Sharing a Conversation on GPS Anomalies

In the course of a comment thread with Ben of Snowpetrel, I shared this information, perhaps it will be useful to others:

GPS signals are only about 50 watts at the transmitter. What you receive from a bird at 20200 km moving 3.9 km per second is about -160dbw down from that–(0.0000000000000001watt) per channel best case. The more channels the better on the antenna end.  And for ship’s units, the wiring must be impeccable and the amplifier at the antenna end in perfect order.  Here are the things that can make it GPS less reliable

  1. Ionosphere and troposphere delays – Accounted for in the software but solar flares and sun spots are not.(activity for both was low in 1995)
  2. Signal multipath – GPS signal bounces off hard surfaces (tall buildings, large rocks, icebergs) before reaching the receiver. This increases the travel time of the signal, thereby causing errors. (Like your mile jump — jumping is classic multipath)
  3. Receiver clock errors – slight but real and can be affected by receiver temperature (we make sure ours don’t sit in the sun)
  4. Orbital (ephemeris) errors – these can be caused by variations in gravity, solar wind, debris impacts on the satellite, etc.
  5. Satellites visible – need three for a useful solution — disappearing satellites and appearing satellites can result in some situations where even if you have four or more in view, the receiver will treat them as two until the received wattage is acceptable
  6. Satellite geometry/shading – GPS satellite navigation solutions are a cocked hat just like a sextant, if the birds are too close the solution will have a significant x, y, or z error, but it doesn’t last long and WAAS can help if it is available.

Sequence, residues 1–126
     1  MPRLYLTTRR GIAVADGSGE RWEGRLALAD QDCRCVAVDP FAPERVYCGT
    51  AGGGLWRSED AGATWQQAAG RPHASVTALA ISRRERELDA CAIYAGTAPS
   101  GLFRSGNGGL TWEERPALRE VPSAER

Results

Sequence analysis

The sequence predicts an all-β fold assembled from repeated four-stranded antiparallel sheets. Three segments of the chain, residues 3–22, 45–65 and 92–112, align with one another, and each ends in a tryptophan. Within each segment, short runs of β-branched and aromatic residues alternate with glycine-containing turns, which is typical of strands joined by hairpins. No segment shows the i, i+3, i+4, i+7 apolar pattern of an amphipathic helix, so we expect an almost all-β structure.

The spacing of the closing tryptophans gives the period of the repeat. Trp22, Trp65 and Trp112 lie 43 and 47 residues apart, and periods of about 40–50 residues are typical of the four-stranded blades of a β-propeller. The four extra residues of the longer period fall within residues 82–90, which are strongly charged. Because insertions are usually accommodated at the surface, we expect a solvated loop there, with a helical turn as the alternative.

7. Antenna blockage. The best place for GPS antennas is as low as possible — this can almost guarantee at some point they will be blocked from some direction — wet laundry can do it — we proved it.
  8. Intentional degradation of the satellite signal – Selective Availability (SA) was used until 2000 and then disabled and eventually removed. Specific targeted jamming in areas of hostility has replaced it.
As to a sextant. I carry one, but not for celestial. I’m not expecting GPS to be out of order long enough off-soundings for DR to be insufficient. I also keep the tables to calculate by hand because I know my celestial calculator will go TU when lightning is close by when I have it out of its Faraday box.

I carry the sextant for piloting. Mostly for horizontal & vertical angles for distances off etc.  There are still many places where the land masses are not in their proper positions on paper charts. So in this case, I have the sextant to account for the fact the GPS will know exactly where you are on a theoretical ellipsoid, but some honored explorer from centuries past was a bit off on where they marked the rock.

I carry one “ships GPS” integrated with radar/chartplotter. I have three handhelds (not to mention what’s in the phones and laptop). Phones, laptop and one GPS live in a shielded box.

We also always keep the track function enabled and on about a 500 meter FOV as this helps us to notice possible anomalies more quickly.

I keep daily track of GPS status through an email message service from the USCG. it is available at: